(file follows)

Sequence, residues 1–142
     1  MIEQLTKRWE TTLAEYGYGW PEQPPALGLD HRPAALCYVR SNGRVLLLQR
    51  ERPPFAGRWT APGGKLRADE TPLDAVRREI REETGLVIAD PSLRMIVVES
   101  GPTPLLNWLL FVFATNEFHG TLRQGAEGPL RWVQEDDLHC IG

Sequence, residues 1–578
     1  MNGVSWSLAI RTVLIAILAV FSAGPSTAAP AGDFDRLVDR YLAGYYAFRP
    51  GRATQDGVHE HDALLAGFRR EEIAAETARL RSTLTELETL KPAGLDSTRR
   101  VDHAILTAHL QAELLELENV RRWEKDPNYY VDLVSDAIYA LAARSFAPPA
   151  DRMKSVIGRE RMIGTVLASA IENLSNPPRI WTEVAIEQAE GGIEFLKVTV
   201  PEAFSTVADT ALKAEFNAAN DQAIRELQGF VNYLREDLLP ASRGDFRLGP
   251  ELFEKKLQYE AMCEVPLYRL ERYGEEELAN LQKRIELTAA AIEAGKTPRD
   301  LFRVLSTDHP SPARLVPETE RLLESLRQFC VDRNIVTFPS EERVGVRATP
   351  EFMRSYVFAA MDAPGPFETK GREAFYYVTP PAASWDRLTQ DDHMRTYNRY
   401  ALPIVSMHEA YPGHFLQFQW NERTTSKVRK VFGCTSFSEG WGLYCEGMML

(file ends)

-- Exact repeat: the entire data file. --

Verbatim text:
Sequence, residues 1–142
     1  MIEQLTKRWE TTLAEYGYGW PEQPPALGLD HRPAALCYVR SNGRVLLLQR
    51  ERPPFAGRWT APGGKLRADE TPLDAVRREI REETGLVIAD PSLRMIVVES
   101  GPTPLLNWLL FVFATNEFHG TLRQGAEGPL RWVQEDDLHC IG

Sequence, residues 1–578
     1  MNGVSWSLAI RTVLIAILAV FSAGPSTAAP AGDFDRLVDR YLAGYYAFRP
    51  GRATQDGVHE HDALLAGFRR EEIAAETARL RSTLTELETL KPAGLDSTRR
   101  VDHAILTAHL QAELLELENV RRWEKDPNYY VDLVSDAIYA LAARSFAPPA
   151  DRMKSVIGRE RMIGTVLASA IENLSNPPRI WTEVAIEQAE GGIEFLKVTV
   201  PEAFSTVADT ALKAEFNAAN DQAIRELQGF VNYLREDLLP ASRGDFRLGP
   251  ELFEKKLQYE AMCEVPLYRL ERYGEEELAN LQKRIELTAA AIEAGKTPRD
   301  LFRVLSTDHP SPARLVPETE RLLESLRQFC VDRNIVTFPS EERVGVRATP
   351  EFMRSYVFAA MDAPGPFETK GREAFYYVTP PAASWDRLTQ DDHMRTYNRY
   401  ALPIVSMHEA YPGHFLQFQW NERTTSKVRK VFGCTSFSEG WGLYCEGMML